DA: Over 70% of offenders released on $0 bail in one California county were re-arrested

People released from jail under Yolo County’s “$0 bail” policy went on to be re-arrested 70% of the time, according to a new report released by the District Attorney’s Office. In April 2020, at the height of the COVID-19 pandemic, the California Judicial Council took the step of imposing a statewide emergency bail schedule, ending the requirement of cash bail for low-level offenders in a bid to reduce the spread of the virus among inmates. The order set bail at $0 for most misdemeanor and lower-level felony charges. The emergency order was lifted in June 2020, though individual counties were permitted to make their own decisions on whether to keep $0 bail in place.

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Yolo County opted to keep the measure in place until June 2021. As a result, Yolo County District Attorney Jeff Reisig’s office conducted an analysis of those re-arrests while the policy was in place.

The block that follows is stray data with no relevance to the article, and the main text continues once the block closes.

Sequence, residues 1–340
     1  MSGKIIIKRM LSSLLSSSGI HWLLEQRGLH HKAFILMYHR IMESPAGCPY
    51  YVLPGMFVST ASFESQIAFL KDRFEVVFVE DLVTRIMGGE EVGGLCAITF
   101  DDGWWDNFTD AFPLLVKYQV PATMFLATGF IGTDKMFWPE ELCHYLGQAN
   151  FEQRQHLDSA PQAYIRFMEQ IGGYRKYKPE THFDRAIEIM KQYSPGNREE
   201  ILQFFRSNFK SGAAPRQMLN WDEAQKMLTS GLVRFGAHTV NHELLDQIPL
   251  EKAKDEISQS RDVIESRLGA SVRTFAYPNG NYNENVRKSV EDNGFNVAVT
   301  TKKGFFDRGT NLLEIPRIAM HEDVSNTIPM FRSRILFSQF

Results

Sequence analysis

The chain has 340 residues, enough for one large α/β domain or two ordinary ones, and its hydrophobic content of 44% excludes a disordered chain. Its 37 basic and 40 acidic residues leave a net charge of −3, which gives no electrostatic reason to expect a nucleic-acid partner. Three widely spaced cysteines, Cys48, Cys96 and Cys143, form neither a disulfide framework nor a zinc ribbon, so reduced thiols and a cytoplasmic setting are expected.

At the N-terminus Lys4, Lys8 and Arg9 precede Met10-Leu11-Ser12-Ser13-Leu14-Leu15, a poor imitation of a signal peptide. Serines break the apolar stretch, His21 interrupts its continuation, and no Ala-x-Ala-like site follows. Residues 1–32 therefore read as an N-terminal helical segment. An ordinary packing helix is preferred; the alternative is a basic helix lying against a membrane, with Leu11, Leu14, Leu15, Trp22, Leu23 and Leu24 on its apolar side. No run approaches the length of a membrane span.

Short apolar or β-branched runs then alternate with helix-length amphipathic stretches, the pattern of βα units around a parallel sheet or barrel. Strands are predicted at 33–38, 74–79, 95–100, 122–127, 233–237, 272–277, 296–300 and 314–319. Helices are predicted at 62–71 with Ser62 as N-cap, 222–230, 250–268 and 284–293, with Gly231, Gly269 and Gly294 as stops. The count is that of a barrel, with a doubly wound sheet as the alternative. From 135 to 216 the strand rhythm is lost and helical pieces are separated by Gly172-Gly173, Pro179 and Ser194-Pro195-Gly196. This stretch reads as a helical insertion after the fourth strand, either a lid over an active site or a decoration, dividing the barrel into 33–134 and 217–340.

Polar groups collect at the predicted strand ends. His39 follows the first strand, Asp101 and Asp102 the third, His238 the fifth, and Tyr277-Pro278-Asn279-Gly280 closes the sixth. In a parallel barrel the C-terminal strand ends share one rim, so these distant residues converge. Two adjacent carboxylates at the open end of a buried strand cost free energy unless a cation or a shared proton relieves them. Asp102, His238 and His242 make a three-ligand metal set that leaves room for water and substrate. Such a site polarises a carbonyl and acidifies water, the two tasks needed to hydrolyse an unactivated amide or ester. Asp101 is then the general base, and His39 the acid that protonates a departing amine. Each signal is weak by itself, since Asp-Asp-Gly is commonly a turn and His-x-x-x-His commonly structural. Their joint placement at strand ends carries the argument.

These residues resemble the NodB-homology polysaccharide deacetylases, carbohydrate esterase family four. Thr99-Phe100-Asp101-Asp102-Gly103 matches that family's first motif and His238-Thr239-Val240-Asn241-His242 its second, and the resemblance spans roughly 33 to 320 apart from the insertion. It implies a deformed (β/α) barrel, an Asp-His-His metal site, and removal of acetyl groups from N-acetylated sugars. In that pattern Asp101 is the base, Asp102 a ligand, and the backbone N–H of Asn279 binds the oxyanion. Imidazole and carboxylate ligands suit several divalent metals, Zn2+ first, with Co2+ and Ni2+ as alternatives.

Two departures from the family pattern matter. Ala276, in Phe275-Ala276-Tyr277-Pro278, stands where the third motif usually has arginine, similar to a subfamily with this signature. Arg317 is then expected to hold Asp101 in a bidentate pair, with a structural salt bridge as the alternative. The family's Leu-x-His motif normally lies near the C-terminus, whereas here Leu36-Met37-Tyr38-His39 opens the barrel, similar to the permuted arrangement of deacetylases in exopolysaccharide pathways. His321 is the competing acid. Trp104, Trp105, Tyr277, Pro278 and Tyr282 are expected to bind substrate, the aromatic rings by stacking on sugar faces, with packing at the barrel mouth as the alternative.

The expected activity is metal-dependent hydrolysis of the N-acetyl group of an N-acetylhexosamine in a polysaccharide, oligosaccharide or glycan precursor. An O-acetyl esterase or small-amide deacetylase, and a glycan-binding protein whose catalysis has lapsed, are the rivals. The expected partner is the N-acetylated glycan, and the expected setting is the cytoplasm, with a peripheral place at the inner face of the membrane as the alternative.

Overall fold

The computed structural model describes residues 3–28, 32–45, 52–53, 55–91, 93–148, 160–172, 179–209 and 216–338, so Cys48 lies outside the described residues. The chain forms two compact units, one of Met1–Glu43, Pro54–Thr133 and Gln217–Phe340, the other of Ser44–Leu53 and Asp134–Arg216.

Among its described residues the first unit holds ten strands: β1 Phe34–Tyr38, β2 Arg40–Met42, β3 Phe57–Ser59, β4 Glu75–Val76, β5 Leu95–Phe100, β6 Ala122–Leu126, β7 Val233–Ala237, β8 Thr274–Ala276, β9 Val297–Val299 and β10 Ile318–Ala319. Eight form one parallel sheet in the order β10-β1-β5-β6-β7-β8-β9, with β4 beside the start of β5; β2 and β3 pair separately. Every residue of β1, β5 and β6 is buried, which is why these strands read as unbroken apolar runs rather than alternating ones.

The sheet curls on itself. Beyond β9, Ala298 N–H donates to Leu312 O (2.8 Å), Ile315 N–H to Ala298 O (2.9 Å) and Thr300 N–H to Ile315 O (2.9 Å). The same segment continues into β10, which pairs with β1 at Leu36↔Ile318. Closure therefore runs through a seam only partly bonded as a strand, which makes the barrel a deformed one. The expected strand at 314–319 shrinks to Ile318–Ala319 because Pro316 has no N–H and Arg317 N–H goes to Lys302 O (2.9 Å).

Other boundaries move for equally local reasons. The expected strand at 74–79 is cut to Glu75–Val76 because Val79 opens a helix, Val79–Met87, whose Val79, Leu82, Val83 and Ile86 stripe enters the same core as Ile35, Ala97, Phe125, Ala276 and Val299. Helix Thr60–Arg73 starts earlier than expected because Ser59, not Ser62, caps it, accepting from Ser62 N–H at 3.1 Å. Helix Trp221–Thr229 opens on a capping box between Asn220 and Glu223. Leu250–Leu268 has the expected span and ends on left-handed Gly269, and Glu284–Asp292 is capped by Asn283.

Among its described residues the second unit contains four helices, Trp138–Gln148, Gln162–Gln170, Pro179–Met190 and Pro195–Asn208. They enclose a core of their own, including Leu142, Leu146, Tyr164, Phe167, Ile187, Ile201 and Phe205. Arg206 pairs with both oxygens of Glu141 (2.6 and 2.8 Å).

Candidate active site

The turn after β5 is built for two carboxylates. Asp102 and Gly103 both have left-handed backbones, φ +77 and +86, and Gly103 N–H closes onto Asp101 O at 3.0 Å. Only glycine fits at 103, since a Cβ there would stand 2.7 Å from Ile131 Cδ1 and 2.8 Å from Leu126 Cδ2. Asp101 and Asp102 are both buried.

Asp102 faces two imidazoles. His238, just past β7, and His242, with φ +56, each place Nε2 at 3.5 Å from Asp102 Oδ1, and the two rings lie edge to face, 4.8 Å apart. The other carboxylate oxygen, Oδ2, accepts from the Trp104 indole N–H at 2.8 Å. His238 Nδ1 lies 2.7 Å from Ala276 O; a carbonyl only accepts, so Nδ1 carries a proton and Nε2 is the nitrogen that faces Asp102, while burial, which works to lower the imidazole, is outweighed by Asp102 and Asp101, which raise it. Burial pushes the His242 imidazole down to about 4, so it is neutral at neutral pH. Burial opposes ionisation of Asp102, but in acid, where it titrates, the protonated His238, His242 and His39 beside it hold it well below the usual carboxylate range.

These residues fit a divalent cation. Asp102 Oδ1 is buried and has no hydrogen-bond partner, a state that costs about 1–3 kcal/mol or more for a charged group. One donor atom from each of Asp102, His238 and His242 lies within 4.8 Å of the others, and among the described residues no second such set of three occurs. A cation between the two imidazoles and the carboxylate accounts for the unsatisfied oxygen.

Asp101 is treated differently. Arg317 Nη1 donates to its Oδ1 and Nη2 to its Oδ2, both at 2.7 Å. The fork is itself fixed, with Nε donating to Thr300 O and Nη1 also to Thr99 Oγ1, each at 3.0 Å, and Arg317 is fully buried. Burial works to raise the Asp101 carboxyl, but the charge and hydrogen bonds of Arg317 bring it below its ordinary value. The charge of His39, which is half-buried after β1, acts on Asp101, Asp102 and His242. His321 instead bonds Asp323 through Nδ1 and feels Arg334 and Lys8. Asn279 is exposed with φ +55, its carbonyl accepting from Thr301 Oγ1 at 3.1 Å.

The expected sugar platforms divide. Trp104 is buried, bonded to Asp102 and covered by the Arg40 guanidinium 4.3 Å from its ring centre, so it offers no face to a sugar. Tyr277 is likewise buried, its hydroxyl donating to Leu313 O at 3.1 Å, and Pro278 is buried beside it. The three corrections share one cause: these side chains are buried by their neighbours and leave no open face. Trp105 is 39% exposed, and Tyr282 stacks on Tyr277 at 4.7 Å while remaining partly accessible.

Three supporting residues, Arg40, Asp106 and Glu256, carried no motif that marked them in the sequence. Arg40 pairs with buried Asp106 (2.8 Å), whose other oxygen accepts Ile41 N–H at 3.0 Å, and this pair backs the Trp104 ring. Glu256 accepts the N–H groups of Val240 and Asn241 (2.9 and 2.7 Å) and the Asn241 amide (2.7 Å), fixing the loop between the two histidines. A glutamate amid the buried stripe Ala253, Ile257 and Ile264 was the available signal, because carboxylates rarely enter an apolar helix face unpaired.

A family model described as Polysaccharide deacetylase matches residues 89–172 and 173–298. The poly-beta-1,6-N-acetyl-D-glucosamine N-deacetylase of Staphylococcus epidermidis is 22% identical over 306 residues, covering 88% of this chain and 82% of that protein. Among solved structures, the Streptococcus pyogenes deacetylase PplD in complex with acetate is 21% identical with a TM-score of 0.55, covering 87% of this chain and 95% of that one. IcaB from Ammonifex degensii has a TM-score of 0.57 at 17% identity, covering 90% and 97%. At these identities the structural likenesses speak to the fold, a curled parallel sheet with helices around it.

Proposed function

Out of 595 people who were released on $0 bail during that period, 420 were re-arrested, with 123 of them arrested for violent crimes, with charges ranging from murder and attempted murder to kidnapping, robbery, carjacking and domestic violence. That included Marcus Trull, a 22-year-old who was arrested in connection with a shooting that left two dead in Old Sacramento in July 2021. He was released from jail in Yolo County but failed to appear to face felony charges of possessing a loaded gun and possessing a concealed gun in connection with an April 2020 case. Trull also failed to appear in Sacramento Superior Court for two charges in an October 2020 DUI case. Trull remains in custody in the Sacramento County Main Jail as he awaits a plea hearing Sept. 20 in the Old Sacramento case with co-defendant Cedric Salcedo, according to court records.

“When over 70% of the people released under mandated $0 bail policies go on to commit additional crimes, including violent offenses such as robbery and murder, there is simply no rational public safety-related basis to continue such a practice post-pandemic, especially in light of the increasing violent crime rates across California,” Reisig said in a statement.

Click here to read the full article at the Sacramento Bee

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